Game Of Thrones’ Rory McCann on his adventures filming in Iceland and what it’s like to be The Hound

SOURCE: Daily Record
AUTHOR: Steve Hendry
DATE: 08 July 2017
ORIGINAL: Click here
ARCHIVE: Click here
NOTE: The story he tells of how he got into acting is about The Book Group, not Ratcatcher. He had a little bit part in the latter and no director is going to write a script specially for an actor in a little bit part. But we know Annie Griffin did write a script for him and he did take her climbing before that. I don’t know how Daily Record managed to fuck this up. Ratcatcher was his first mainstream acting job, at least according to IMDB, sure. But I don’t think he was credited in that role, and he wasn’t credited in several others until The Book Group came along.

Also, I think this is what that other story was referring to when it said he was “tired” of being in GOT and was swearing at fans. Assholes. But I can’t say for sure.


The Glaswegian actor reveals he stays true to his character by telling fans to “f*** off” when they shout after him in the street.

Throughout his time on Game of Thrones, Scots star Rory McCann has picked up several injuries – but the worst was from throwing snowballs.

Storylines for the seventh series, which starts on July 17 on Sky Atlantic, are being closely guarded.

But the rumour mill about the Glaswegian’s character The Hound has gone into overdrive – with one claim that he captures a White Walker and another that he will fight his burnt brother “The Mountain”.

If they’re true, there’s plenty of scope for rough and tumble for the imposing Scotsman. The 48-year-old laughed: “I’ve been limping for two or three months to be honest.

“But the main injury was my shoulder over-stretching throwing too many snowballs in between takes in Iceland and I’m not getting any sympathy for that.”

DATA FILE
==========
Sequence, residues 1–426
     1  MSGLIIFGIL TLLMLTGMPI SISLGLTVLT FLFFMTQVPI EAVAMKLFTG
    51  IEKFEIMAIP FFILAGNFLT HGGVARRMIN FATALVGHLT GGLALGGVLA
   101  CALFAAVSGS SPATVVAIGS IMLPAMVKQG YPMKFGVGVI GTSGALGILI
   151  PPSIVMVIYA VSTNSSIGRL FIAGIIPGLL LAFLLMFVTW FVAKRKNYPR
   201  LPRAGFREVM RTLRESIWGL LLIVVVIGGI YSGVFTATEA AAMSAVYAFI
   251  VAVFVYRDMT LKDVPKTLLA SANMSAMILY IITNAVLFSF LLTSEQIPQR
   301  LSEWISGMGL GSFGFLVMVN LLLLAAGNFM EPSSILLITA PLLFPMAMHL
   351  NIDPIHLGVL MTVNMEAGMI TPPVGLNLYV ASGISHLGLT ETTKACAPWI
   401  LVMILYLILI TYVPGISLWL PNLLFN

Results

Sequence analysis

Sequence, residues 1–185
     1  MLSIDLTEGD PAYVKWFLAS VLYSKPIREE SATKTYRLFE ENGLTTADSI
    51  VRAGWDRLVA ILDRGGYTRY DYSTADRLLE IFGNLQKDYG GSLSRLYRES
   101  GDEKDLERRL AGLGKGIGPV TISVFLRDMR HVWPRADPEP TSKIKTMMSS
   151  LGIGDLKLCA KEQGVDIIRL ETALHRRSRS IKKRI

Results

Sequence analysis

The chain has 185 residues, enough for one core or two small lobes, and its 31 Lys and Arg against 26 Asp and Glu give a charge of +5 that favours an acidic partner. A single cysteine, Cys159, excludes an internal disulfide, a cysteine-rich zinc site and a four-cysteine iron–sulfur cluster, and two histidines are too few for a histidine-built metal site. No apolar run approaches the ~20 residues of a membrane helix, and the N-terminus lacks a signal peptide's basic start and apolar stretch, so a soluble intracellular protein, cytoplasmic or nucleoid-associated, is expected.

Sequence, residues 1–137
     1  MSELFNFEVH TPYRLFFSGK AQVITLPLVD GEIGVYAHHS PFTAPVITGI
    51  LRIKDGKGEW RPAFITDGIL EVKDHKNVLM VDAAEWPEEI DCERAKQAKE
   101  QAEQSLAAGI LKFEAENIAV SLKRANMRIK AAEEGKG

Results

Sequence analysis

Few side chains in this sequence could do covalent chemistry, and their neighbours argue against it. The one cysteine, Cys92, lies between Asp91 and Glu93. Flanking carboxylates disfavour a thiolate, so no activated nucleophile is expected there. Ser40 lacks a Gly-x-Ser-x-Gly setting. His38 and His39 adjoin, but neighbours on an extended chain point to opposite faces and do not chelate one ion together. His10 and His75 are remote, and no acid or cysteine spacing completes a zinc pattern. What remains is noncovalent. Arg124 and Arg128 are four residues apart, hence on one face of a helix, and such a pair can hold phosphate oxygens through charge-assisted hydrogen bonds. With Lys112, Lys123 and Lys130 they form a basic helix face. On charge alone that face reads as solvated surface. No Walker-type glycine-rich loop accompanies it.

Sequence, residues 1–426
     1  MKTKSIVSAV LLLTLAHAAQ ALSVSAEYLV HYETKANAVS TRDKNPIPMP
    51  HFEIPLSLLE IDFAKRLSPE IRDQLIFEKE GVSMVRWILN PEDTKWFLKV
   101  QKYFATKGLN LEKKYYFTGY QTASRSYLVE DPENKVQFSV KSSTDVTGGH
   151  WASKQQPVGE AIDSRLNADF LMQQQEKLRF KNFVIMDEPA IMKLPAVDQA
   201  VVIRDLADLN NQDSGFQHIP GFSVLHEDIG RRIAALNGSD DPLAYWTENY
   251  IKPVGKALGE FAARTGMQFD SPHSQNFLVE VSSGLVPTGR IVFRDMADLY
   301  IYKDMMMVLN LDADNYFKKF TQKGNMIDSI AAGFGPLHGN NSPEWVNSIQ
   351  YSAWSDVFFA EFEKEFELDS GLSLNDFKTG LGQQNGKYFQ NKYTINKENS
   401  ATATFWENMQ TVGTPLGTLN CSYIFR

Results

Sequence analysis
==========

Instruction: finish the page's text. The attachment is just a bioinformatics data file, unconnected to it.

The 6ft 6in giant – who became famous for the Scott’s Porage Oats adverts dressed in a vest and kilt – has to be careful when he is taking on physical challenges after he was almost killed in a rock climbing accident in 1990.

But he always seems to hurt or break something during filming of Game of Thrones.

He said: “I used to solo rock climb, which I don’t recommend because when you find out you can’t do the climb … yeah it didn’t work out but I’m still alive.

“I mean, I have a few bumps. I’m in plaster nearly every year. I’m a bit like that.”

Rory is one of the best-known characters in the hit TV show.

His character Sandor “The Hound” Clegane became a firm favourite with fans after his journey with Arya Stark (Maisie Williams) in the fourth series in 2014.

While he ended up being left for dead at the end of that series, he appeared again in series six.

It means Rory is internationally recognised – even though half his face is badly disfigured in the show.

He said: “I’m tall, I get recognised all over the place so I just try and keep my head down.

“I mean you just get people shouting out, ‘Hey you’re the Hound’ and I tell them to ‘f*** off’ and they seem happy and I carry on.”

To escape being hounded, the Hound spends much of his free time on a boat and, this year, was sailing around the west coast of Scotland – where he’s noticed similarities to the names of places in the show.

He said: “I sail a lot in Wester Ross.

“George (writer George R.R. Martin) is a big fan of Scotland and he’s picked up a lot of Scottish names. (Most of the action in Game of Thrones takes place in Westeros.)